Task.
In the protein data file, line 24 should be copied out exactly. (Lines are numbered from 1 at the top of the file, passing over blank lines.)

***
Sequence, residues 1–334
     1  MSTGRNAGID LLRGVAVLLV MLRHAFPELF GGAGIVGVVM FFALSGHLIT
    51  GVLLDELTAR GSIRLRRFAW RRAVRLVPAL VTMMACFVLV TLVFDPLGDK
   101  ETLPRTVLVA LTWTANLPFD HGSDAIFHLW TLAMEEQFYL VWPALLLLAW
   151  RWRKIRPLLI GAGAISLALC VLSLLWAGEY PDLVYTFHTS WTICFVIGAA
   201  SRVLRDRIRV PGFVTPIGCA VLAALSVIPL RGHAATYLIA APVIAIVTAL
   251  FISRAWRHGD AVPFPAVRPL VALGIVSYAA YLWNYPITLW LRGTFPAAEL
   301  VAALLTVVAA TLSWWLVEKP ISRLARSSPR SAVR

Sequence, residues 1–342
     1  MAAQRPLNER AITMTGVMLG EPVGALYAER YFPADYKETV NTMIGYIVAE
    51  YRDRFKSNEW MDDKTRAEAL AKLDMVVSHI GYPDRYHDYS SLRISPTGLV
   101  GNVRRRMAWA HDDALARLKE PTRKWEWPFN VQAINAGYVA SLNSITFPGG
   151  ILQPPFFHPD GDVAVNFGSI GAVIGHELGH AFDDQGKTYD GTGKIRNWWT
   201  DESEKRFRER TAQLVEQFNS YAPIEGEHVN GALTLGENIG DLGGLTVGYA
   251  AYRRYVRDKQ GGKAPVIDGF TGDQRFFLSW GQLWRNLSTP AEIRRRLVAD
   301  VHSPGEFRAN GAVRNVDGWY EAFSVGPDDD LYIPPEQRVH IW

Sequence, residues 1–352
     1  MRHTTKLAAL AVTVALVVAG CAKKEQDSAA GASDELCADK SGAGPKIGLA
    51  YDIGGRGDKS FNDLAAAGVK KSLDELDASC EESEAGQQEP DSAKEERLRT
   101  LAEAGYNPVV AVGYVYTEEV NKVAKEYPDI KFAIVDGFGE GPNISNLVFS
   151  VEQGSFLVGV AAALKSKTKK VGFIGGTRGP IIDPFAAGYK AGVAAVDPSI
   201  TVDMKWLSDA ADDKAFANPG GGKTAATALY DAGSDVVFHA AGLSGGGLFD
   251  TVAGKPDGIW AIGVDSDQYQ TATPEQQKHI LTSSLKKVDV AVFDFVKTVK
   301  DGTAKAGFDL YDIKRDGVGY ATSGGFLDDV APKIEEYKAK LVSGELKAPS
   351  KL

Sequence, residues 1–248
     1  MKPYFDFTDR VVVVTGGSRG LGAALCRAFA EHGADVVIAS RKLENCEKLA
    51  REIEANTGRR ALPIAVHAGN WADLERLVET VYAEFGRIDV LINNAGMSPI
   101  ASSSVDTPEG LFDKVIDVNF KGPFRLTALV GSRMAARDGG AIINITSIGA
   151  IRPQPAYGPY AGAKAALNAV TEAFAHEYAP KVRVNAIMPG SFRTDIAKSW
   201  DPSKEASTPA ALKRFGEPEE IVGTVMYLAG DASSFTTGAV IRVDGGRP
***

   301  DGTAKAGFDL YDIKRDGVGY ATSGGFLDDV APKIEEYKAK LVSGELKAPS